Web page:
11. MaggyC

    MaggyC LostCousins Member

    When my grandmother died in 2005, old age was given as the cause of death. Mind she had reached 107 so I suppose it was fair comment.
    The infant son of my great great grandfather died of teething in 1862.
  12. Gillian

    Gillian LostCousins Star

    Here's an interesting article giving doctors guidance about completing death certificates. They are advised not to use 'old age' alone as cause of death. Surprise, surprise, teething isn't mentioned, though it was in the late 19th century list given us by FamilyHistoryGal, which started off this discussion! Your poor great-granduncle, Maggy. I wonder what the real cause of death was.
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  13. MaggyC

    MaggyC LostCousins Member

    His mother, my direct ancestor, died just a month before he did, aged 6 months. I have heard that patent remedies for teething contained all sorts of nasties that might have contributed to his death. You can imagine a working, single father with two children under three might well have turned to something to help his infant with teething. The following year he remarried the lady in my photograph.
    (I had another look at gran's death certificate and Old Age is given at 1(a) and Generalised Atherosclerosis as 1(b).)
  14. Gillian

    Gillian LostCousins Star

    I'm glad the story has a happy ending. It does, doesn't it?
  15. MaggyC

    MaggyC LostCousins Member

    They went on to have a daughter, Auntie Meggy. Johann died in 1893 and Maria, wife number 2, in 1916, although her last years were blighted by being a German, albeit naturalised, in England during WW1.
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  16. dirk112

    dirk112 LostCousins Member

    Some time back I looked-up the Burial Record of an ancestor at the old Ardwick Cemetery in Manchester and I was fascinated by the vast range of 'deaths' that were listed.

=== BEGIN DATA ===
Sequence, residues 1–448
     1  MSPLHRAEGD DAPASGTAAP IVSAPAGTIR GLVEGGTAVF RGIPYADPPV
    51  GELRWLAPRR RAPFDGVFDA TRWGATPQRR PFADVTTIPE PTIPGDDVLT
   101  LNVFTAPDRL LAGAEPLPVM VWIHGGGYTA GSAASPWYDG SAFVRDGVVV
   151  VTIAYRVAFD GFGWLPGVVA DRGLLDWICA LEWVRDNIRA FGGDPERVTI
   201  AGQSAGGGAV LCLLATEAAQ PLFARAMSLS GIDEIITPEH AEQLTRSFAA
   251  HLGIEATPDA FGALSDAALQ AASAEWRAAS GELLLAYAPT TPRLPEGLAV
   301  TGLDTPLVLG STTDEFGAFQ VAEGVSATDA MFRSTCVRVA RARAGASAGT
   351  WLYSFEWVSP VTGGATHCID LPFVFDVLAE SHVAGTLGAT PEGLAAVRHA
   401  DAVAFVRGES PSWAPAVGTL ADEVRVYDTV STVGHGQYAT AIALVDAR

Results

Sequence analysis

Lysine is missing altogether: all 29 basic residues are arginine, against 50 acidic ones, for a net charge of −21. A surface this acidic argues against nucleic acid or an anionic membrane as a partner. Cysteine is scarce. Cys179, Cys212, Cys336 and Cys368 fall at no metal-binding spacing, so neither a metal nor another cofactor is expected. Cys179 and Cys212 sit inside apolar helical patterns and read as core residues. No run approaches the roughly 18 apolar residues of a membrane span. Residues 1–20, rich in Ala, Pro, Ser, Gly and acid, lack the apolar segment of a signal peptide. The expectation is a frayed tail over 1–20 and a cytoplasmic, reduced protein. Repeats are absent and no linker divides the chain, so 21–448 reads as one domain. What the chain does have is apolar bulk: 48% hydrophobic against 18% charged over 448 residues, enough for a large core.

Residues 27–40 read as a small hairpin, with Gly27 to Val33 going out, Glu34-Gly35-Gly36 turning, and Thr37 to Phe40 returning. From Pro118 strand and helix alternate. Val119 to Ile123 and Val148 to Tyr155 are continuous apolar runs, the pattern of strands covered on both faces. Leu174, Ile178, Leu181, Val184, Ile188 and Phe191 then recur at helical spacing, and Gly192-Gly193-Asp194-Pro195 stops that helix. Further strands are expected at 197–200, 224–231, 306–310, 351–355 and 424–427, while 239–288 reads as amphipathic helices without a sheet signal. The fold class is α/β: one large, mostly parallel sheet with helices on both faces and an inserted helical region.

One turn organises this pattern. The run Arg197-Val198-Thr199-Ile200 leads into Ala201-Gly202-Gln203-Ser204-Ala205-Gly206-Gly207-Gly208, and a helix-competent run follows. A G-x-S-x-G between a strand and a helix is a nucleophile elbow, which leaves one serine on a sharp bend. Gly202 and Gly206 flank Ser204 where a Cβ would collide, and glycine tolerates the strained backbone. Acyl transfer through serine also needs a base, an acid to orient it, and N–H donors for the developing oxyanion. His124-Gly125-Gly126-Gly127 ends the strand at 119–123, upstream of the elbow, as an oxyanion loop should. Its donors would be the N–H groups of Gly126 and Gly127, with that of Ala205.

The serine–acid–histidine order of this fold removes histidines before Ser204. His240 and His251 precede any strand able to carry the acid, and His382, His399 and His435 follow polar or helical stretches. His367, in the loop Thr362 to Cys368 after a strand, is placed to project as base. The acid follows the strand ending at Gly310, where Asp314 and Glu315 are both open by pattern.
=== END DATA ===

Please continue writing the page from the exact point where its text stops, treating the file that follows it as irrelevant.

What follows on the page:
There were all the usual suspects, including every conceivable and inconceivable form of Bowel Complaint, but some caught my eye;

    Mortification, Killed by a Fall of Earth, Abscess of the Armpit (my ancestors) and my favourite-Water in the Head. This one reminds of one of the late Benny Hill's old jokes. " What do you recommend for water on the knee? A tap on the head".
  17. Gillian

    Gillian LostCousins Star

    I think the term "water in the head" is actually still used, though the Latin hydrocephalus is certainly preferred. See this website.
  18. Liberty

    Liberty LostCousins Megastar

    I recall reading (years ago) re Elizabethan times, that teething was a dangerous time of life, as the infant ceased to get the nutrition of milk and was weaned onto anything from flour-and-water paste upward. So the death may have been malnutrition/starvation!
    Last edited by a moderator: Oct 16, 2015
  19. ann42

    ann42 LostCousins Member

    One of my ancestors was in the RN & died in 1877 off the coast of East Africa from "perforation of the bowels caused by worms" - horrifying !
    • Agree Agree x 1
  20. palfamily

    palfamily LostCousins Member

    My great great grandmother died in 1881 in Chester Lunatic Asylum of Exhaustion from chronic mania and cancer of the breast. It’s horrifying to think what she went through.